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Dimolybdenum's $\mathrm{4s}$ and $\mathrm{4p}$ orbitals are full. It is going to use its $\mathrm{4d}$ and $\mathrm{5s}$ orbitals to form a sextuple bond (2 $\sigma$, 2 $\pi$, 2 $\delta$). I am wondering if the $\mathrm{4s}$ and $\mathrm{4p}$ orbitals are going to hybridize with the $\mathrm{4d}_{z^2}$ orbital (the one forming the first $\sigma$ bond) and the $\mathrm{5s}$, given the differences in energy. The hybridisation would be $\mathrm{ds^2p^3}$, which is certainly uncommon.

If so, do the $\mathrm{s}$ and $\mathrm{p}$ lone pairs always hybridize, even if they don't form any bonds?

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The electronic configuration of $\ce{Mo2}$ is given in Bursten, B.E.; Cotton, F.A.; Hall, M.B. Dimolybdenum: nature of the sextuple bond. J. Am. Chem. Soc. 1980, 102 (20), 6348–6349:

$$\ldots\mathrm{ 9\sigma_g^{1.88} 5\pi_u^{3.78} 2\delta_g^{3.42} 10\sigma_g^{1.92} 9\sigma_u^{0.08} 2\delta_u^{0.58} 5\pi_g^{0.22} 10\sigma_u^{0.12} }$$

Which can be simplified as:

$$\ldots\mathrm{ (9\sigma_g)^2 (5\pi_u)^4 (2\delta_g)^4 (10\sigma_g)^2 (9\sigma_u)^0 (2\delta_u)^0 (5\pi_g)^0 (10\sigma_u)^0 }$$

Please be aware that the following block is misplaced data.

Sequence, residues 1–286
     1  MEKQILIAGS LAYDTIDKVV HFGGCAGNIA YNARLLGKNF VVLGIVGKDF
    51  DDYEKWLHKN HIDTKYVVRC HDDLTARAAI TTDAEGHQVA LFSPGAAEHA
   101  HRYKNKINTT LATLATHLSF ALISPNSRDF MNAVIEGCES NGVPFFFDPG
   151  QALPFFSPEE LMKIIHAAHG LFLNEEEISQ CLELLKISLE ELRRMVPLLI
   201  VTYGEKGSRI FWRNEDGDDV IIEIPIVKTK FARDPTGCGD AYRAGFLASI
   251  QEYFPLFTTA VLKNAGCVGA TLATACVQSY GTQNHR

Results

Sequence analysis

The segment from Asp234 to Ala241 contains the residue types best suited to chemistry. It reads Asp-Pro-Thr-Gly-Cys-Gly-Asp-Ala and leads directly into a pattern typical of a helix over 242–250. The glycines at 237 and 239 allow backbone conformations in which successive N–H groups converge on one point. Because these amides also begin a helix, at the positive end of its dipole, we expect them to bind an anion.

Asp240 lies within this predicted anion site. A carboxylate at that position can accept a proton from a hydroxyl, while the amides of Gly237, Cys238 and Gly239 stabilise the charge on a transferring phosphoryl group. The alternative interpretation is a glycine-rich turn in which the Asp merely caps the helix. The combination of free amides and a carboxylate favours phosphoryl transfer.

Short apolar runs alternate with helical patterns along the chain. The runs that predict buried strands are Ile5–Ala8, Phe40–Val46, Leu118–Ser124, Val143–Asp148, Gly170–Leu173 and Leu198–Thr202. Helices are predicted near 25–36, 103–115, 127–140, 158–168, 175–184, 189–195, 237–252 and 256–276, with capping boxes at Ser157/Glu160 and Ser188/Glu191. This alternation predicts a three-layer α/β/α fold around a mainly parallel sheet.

• $9\sigma_{\mathrm{g}}$ is not degenerate; it is $\mathrm{4d_{z^2}+4d_{z^2}}$.
  • $5\pi_{\mathrm{u}}$ is doubly degenerate; it is $\mathrm{4d_{xz}+4d_{xz}}$ and $\mathrm{4d_{yz}+4d_{yz}}$.
  • $2\delta_{\mathrm{g}}$ is doubly degenerate; it is $\mathrm{4d_{xy}+d_{xy}}$ and $\mathrm{d_{x^2-y^2}+d_{x^2-y^2}}$.
  • $10\sigma_{\mathrm{g}}$ is not degenerate; it is $\mathrm{5s+5s}$.

Now, let us have a look at the beautiful 4d orbitals, kindly provided by our user Philipp:


From here, you can see that no hybridization is necessary, because the $\mathrm{4d}$ and the $\mathrm{5s}$ orbitals can all form bonds within themselves.

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In $\ce{Mo2}$ the six bonding and six anti-bonding $\sigma(s), \sigma(d_{z^2}), \pi(d_{xz,yz})$ and $\delta(d_{xy})$ molecular orbitals with occupation numbers of less than 2 and more than 0, the active space, are only formed by $\ce{5s}$ and $\ce{4d}$ atomic orbitals (see DHMO’s answer for the $\ce{4d}$ atomic orbitals).

MOs of Mo2

So, to answer your questions:

  1. [Does] Dimolybdenum [...] use its $\ce{4d}$ and $\ce{5s}$ orbitals to form a sextuple bond (2 σσ, 2 ππ, 2 δδ)[?]
    Yes, but the MOs are as described above.

  2. [Are] the $\ce{4s}$ and $\ce{4p}$ orbitals [...] going to hybridize with the $\ce{4d_{z^2}}$ orbital [...] and the $\ce{5s}$[?]
    No, they don’t hybridize the way you imagine it.

  3. [Do] the s and p lone pairs always hybridize, even if they don't form any bonds?
    That question is de facto answered, as there is no hybridization.


(The shown molecular orbitals and the occupation numbers result from a fully relativistic (DKH2) CASSCF(12,12)/def2-QZVP calculation with ORCA 3.0.3; RI was used. The calculation is based on A. C. Borin, J. P. Gobbo, B. O. Roos, Chem. Phys. 2008, 343, 210-216.)

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